SEC Quotable and Notable, Volume II: Opening Weekend Overreactions

Posted by Greg Mitchell on November 16th, 2015

The opening weekend is in the books and with the exception of Georgia’s surprising home loss to Chattanooga, the SEC emerged unscathed. Nothing is more fun than analyzing microscopic sample sizes, so this edition of Quotable and Notable is chock full of overreactions. Let’s jump right in.

Horace Spencer preserved Auburn's win over UAB with a block in the final seconds (

Horace Spencer preserved Auburn’s win over UAB with a block in the final seconds (

  • “And I’m not comparing him to them two, as far as he’s as good as them, he’s different.” – John Calipari on comparing Skal Labissiere to Karl-Anthony Towns. And oh boy, could you ever see against NJIT on Saturday why the Haitian big man has drawn rave reviews on the recruiting circuit. Labissiere went off for 22 second half points and scored from seemingly everywhere on the floor. This came after a lackluster opening night effort against Albany, but the freshman’s offensive versatility and touch suggests that Calipari has a player on this year’s roster unlike any he has coached in the past. It’ll be interesting to see how Calipari uses Labissiere and whether his veteran big men, Marcus Lee and Alex Poythress, can be utilized to shore up any rebounding or defensive issues. Many people are going to harp tirelessly on whether Labissiere’s defense can catch up to his offense, but for now it might be best to sit back and appreciate what he can do. That said, Labissiere becoming an effective player on both ends of the floor would make Kentucky an even tougher team to beat in March.

  • “It was certainly not the way we wanted to start the year. We scored 90 points and got beat.” Mark Fox on Georgia’s opening night overtime loss to Chattanooga. The Bulldogs’ frontcourt was nonexistent on Friday night outside of Yante Maten, as Georgia was outrebounded by a team with only two players standing taller than 6’7”. Fans in Athens might want to prepare themselves for a torrent of “which Bulldog big can step up?” comments this season. The Dawgs battled back from a halftime deficit and the guard-oriented offense was predictably reliable, but Fox will need to find a way to cobble together enough frontcourt production to offset the sizable losses of Marcus Thornton and Nemanja Djurisic. Maten had a big night (17 points and 13 rebounds in 40 minutes) in a much larger role than typical, but is it reasonable to expect that from him every night? Probably not. Overreaction aside, it was just one game and Chattanooga figures to be a solid mid-major so it’s definitely not yet time to panic. Still, the pressure will be on a number of freshmen and former bit players (such as Kenny Paul Geno) to add quality depth to what looks, at least after a single game, like an unbalanced team.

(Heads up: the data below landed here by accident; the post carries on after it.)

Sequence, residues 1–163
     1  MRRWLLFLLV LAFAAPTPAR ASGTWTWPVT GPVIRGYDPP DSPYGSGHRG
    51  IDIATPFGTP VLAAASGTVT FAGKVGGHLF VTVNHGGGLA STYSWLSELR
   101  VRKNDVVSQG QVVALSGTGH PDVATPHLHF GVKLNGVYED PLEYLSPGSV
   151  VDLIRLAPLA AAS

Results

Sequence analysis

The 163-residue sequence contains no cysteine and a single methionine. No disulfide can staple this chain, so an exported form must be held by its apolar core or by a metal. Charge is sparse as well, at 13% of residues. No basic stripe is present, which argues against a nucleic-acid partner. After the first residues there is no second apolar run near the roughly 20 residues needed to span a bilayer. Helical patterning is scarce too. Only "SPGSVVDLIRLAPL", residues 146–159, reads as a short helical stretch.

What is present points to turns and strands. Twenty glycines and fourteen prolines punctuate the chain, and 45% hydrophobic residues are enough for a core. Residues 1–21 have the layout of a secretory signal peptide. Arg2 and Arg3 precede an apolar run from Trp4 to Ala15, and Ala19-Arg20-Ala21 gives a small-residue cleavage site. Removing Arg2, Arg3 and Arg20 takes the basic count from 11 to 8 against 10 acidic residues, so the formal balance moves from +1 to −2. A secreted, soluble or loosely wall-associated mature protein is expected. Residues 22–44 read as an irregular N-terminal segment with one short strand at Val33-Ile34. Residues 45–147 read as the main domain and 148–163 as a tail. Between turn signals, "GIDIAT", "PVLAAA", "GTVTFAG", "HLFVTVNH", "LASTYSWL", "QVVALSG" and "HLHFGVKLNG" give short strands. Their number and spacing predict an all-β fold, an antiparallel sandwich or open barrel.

Mark Fox needs his big men to control the boards better in the coming weeks. (Atlanta Journal-Constitution)

Mark Fox needs his big men to control the boards better in the coming weeks. (Atlanta Journal-Constitution)

  • “I told my teammates, let’s give them a show.” – Kareem Canty on what he told his teammates before Auburn’s opening night win over UAB. And what a show it was. The Tigers are becoming a shining example of how quickly a basketball program can be revitalized when everything starts to fall into place. The type of energy in Auburn Arena and talent on the court would’ve been unimaginable just a few years ago on the Plains. Horace Spencer‘s block sealed the game, a moment emblematic of the active, athletic roster that Bruce Pearl has at his disposal this year. Between Canty and T.J. Dunans, the Tigers had no shortage of offensive leadership, even absent freshmen guards New Williams and Bryce Brown. Providence transfer Tyler Harris also showed an ability to cause mismatches on the perimeter with his size and ability to handle the ball. The arrow is definitely trending up for Auburn after notching one of the SEC’s more impressive opening night wins.
  • 2-0: Missouri‘s record after the opening weekend. The Tigers enter the second week of the season unscathed, which is more than Kim Anderson‘s squad could say at this time last year. One of those wins came against what should be a solid Wofford team (the other against Maryland-Eastern Shore), and the Tigers were able to score at least 73 points in both games. That’s also notable because Missouri barely averaged 60 points per contest last year in what was an offensive nightmare of a season. Anderson’s second team appears determined to play faster and has a number of guards who can penetrate and create easy baskets. Freshman big man Kevin Puryear has also been much better than expected offensively (33 points combined over the two games). These are small steps, but a big improvement from what was a disastrous opening night last season.
Greg Mitchell (@gregpmitchell) (231 Posts)

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